Sustainably increase crop yield
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The EC-funded project GAIN4CROPS is developing novel disruptive technologies to overcome one of the main constraints on photosynthetic efficiency: photorespiration, a process that reduces CO2 assimilation efficiency, and thus biomass yield and agricultural productivity.
In 5-years our project aims improve the efficiency of the most common photosynthetic metabolism in plants, the C3 metabolism, by following a stepwise approach. We will validate our findings in a set of model organisms of increasing cellular and anatomical complexity before moving to our final target: the sunflower.
Learn more about us
The project in numbers
A deeper view to our step-wise approach
Model organisms: from bacteria to sunflower
Introduce the natural C3-C4 pump
Engineer a C3 crop to operate the naturally occurring C3-C4 carbon-pump requires less complex anatomical and biochemical modifications than C4 metabolism and using solely genome editing and or wide crosses.
How we will do this? We will employ large-scale comparative genomics and systems biology approaches in closely related Helianthae species to identify features that enable the C3-C4 intermediacy. This information will be used for an innovative pre-breeding that mimics the initial steps in the natural evolution of C4. Further, we will explore whether these features can be introduced by intraspecies hybridization.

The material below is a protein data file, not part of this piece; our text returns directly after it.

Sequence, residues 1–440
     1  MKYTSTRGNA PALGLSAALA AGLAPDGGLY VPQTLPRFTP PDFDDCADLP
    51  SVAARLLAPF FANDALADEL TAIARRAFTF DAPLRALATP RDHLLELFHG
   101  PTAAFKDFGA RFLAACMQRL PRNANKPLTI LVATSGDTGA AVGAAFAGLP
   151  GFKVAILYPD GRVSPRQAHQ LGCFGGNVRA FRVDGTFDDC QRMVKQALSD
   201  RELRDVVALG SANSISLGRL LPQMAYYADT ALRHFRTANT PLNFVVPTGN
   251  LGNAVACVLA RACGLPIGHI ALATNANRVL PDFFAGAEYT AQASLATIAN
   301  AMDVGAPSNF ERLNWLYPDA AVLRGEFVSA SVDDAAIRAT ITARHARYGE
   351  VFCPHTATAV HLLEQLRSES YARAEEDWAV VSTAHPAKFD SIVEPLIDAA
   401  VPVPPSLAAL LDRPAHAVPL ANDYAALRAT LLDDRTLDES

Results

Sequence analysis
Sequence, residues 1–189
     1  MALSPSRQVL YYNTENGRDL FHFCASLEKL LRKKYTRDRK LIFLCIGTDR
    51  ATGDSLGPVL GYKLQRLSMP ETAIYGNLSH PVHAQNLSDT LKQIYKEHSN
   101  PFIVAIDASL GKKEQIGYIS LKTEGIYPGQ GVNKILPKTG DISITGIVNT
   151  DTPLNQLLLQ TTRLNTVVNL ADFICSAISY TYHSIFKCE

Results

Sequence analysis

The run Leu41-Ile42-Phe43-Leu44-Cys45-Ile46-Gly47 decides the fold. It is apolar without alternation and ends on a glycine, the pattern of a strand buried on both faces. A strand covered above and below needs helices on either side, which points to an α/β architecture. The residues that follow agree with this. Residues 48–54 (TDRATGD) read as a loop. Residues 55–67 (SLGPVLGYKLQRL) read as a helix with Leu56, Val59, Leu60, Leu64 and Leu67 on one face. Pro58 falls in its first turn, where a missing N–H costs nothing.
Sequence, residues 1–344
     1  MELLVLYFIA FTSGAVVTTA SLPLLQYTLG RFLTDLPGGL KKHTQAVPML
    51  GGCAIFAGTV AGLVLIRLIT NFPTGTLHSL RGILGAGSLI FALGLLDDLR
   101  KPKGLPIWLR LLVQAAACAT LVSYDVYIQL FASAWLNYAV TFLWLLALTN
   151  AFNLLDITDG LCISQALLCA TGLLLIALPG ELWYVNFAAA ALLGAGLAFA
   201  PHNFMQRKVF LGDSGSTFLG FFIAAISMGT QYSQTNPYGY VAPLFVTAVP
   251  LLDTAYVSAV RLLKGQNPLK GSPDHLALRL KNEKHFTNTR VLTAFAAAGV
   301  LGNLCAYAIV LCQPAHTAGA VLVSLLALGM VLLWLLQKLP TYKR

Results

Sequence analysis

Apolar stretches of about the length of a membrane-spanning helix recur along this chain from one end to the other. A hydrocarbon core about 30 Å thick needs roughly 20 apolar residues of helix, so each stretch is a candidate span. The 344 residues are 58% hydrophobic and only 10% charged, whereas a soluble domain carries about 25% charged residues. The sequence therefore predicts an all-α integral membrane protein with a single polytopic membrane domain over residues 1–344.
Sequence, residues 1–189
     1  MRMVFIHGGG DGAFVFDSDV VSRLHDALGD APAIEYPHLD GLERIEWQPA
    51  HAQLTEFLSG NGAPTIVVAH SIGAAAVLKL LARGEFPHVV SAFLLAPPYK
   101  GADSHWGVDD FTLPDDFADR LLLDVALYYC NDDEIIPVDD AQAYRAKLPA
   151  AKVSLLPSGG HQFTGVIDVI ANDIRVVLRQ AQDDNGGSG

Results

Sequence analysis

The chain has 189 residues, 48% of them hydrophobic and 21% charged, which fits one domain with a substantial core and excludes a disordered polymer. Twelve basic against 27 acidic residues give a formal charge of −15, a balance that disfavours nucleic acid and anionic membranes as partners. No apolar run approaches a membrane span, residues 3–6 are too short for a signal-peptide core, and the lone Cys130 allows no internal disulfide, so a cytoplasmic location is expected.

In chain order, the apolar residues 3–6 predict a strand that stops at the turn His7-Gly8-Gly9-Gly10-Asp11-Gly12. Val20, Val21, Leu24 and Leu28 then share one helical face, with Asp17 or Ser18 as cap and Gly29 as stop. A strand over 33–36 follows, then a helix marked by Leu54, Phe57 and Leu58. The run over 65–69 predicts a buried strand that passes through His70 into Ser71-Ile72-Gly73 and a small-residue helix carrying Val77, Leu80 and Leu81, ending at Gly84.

A multidisciplinary team
The science behind the project
The majority of plants (85%), including rice, wheat, soybeans and all trees, are C3 plants, which have no special features to combat photorespiration. They only use the Calvin Benson cycle for fixing the CO2 from the atmosphere. They have the disadvantage that in warm and dry conditions their photosynthetic efficiency suffers because of photorespiration.
C4 plants minimize photorespiration by separating initial CO2 fixation and the Calvin cycle in space, performing these steps in different cell types. This solution implies that the leaf anatomy is organized in specific cell compartments: the light-dependent reactions occur in the mesophyll cells (spongy tissue in the middle of the leaf) while the Calvin cycle occurs in special cells around the leaf veins, called bundle-sheath cells. In the latter, thanks to the active transfer of CO2, the environment has 10-120x more CO2 available, thus reducing RuBisCO’s activity on oxygen and the resulting photorespiration.
The C4 pathway is used in about 3%, percent of all vascular plants; some examples are crabgrass, sugarcane and corn. The drawback to C4 photosynthesis is the extra energy needed to transfer molecules back and forth from different cell types. C4 plants are common in habitats that are hot but are less abundant in areas that are cooler. In hot conditions, the benefits of reduced photorespiration likely exceed the associated costs.